Science Reveals Why Some People Make More Faithful Partners Than Others

Remember when this meme actually meant this? Antonio Guillem/Shutterstock

As Valentine’s Day approaches, those of you blissfully coupled up might be wondering if your relationship is destined to last. Well, science won’t read your fortune but it can identify certain predictors of infidelity and divorce.

A team of psychologists at Florida State University monitored the relationship status, including infidelity, of 466 newly-weds (233 couples) for up to 3.5 years. The results of the study, published in the Journal of Personality and Social Psychology, reveal certain patterns that suggest what makes one person faithful and another a serial cheater.

In news that will shock no one, partners in unsatisfied relationships are more likely to cheat. Much more surprising was the find that people who are sexually satisfied in their relationships are also more likely to stray. The researchers suggest it could have something to do with them being more sex-positive in general. This means they are more willing to seek sex elsewhere, even if they are otherwise happy in their relationship.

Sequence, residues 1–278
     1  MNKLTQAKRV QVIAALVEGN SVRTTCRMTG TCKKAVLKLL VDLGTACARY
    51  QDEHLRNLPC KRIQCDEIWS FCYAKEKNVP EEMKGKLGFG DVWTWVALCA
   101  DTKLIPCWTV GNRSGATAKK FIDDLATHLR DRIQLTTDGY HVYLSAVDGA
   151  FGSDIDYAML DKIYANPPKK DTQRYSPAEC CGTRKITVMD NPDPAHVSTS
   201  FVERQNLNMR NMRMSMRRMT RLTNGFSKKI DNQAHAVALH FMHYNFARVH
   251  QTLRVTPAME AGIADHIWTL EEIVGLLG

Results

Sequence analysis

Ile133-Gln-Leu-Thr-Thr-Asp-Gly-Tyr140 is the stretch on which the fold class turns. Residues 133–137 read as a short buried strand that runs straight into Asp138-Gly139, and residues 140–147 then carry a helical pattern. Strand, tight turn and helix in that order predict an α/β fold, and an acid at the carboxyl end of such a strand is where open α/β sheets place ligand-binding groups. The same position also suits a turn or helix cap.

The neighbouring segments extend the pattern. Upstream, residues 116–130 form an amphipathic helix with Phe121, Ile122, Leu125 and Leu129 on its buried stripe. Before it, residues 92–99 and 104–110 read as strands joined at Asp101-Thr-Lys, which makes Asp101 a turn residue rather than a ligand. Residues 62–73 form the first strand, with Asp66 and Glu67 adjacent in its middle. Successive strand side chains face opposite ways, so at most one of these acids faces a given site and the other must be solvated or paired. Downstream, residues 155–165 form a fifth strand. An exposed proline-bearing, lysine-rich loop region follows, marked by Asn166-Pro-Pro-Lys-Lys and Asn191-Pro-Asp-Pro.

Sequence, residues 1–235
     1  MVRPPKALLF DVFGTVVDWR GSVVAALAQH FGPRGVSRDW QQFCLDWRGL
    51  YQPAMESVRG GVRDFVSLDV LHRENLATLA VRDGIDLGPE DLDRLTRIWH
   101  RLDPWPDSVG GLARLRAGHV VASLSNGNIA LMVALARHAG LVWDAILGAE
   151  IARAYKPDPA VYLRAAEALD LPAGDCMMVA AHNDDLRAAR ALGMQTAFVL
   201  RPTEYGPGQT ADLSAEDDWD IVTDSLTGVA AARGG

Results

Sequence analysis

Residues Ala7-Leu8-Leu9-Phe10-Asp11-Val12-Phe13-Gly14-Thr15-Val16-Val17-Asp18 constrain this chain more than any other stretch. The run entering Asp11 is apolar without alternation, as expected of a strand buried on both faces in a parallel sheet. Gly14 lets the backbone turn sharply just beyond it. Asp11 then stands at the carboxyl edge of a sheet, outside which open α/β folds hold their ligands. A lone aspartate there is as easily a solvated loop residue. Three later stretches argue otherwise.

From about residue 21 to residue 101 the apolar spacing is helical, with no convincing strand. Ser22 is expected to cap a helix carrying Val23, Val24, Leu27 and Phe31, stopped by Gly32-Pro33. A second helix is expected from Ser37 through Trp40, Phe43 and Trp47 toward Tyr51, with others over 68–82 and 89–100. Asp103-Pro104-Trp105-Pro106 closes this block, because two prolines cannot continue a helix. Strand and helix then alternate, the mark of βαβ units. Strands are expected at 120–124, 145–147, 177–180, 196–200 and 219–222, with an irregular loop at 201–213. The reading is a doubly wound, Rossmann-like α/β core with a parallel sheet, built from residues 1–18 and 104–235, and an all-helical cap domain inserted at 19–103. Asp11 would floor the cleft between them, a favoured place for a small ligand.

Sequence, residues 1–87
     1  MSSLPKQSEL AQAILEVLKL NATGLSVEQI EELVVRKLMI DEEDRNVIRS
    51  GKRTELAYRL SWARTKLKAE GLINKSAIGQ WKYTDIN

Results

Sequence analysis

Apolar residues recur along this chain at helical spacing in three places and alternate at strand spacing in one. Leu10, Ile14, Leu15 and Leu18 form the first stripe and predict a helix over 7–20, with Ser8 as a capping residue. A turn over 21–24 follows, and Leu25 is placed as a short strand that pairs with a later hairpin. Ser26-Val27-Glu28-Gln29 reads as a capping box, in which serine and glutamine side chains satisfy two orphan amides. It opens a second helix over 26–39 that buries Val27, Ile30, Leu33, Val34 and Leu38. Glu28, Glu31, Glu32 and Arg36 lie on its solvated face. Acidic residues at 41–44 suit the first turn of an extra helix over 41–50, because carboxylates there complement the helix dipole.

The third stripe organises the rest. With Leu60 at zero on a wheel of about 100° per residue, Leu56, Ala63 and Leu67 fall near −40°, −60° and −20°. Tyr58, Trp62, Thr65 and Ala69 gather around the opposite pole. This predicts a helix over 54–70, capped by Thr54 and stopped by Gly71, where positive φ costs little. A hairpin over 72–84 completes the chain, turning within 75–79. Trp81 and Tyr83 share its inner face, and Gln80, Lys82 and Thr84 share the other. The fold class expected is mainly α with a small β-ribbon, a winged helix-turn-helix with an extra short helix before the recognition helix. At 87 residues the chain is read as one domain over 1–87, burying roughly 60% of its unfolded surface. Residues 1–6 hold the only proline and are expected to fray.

Another factor is attractiveness. The study results suggest that women with above average looks are less likely to commit adultery, whereas men are more likely to have an affair if his partner is less attractive. 

When it comes to sexual history, men who reported having more short-term sexual partners than average were more likely to cheat and the opposite was true for women.

“With the advent of social media, and thus the increased availability of and access to alternative partners, understanding how people avoid the temptation posed by alternative partners may be more relevant than ever to understanding relationships,” Jim McNulty, lead author of the study, said in a statement.

The researchers also tested two psychological processes to examine how they influenced a person's motivation to cheat – attentional disengagement (or the capacity to direct attention away from potential romantic partners) and evaluative devaluation (or the tendency to downplay the attractiveness of others).

They did this by showing participants images of attractive and average-looking men and women, and timing how long it took them to turn their attention away from an attractive prospective partner. Those who looked away 100 milliseconds faster than average were almost 50 percent less likely to have an affair. Compared to singles and partners more predisposed to cheating, participants who remained faithful were much more likely to rate attractive faces in a more negative light.

While there is a growing number of studies that imply we can learn how to disengage and devaluate potential partners, these behaviors are largely automatic.

“People are not necessarily aware of what they’re doing or why they’re doing it,” explained McNulty. “These processes are largely spontaneous and effortless, and they may be somewhat shaped by biology and/or early childhood experiences.”

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